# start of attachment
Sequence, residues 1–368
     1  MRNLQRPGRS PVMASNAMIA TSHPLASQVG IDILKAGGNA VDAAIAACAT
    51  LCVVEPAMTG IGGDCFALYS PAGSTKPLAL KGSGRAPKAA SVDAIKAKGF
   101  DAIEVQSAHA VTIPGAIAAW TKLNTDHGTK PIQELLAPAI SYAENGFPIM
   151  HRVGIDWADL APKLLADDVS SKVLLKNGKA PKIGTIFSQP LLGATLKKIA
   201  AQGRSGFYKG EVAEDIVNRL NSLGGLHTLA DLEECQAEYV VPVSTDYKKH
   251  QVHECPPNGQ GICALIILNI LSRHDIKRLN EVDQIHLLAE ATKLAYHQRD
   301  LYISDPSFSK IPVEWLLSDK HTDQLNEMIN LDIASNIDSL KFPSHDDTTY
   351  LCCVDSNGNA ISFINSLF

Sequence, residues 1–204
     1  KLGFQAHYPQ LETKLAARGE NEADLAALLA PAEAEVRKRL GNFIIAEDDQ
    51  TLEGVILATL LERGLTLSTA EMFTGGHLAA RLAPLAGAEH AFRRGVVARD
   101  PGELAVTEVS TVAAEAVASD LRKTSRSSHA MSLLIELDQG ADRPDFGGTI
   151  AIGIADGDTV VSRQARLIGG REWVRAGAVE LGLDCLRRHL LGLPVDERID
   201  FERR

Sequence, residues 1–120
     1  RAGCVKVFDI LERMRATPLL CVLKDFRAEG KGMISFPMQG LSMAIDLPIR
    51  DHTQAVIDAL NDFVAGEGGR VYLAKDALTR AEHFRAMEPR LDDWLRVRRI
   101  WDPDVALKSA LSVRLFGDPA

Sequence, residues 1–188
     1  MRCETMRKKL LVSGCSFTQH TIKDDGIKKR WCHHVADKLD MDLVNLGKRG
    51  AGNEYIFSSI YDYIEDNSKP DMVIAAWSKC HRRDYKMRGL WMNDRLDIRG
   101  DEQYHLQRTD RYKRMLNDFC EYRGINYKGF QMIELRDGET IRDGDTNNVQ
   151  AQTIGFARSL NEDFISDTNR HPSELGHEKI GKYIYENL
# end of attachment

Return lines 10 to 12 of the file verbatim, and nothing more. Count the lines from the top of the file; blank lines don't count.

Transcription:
Sequence, residues 1–204
     1  KLGFQAHYPQ LETKLAARGE NEADLAALLA PAEAEVRKRL GNFIIAEDDQ
    51  TLEGVILATL LERGLTLSTA EMFTGGHLAA RLAPLAGAEH AFRRGVVARD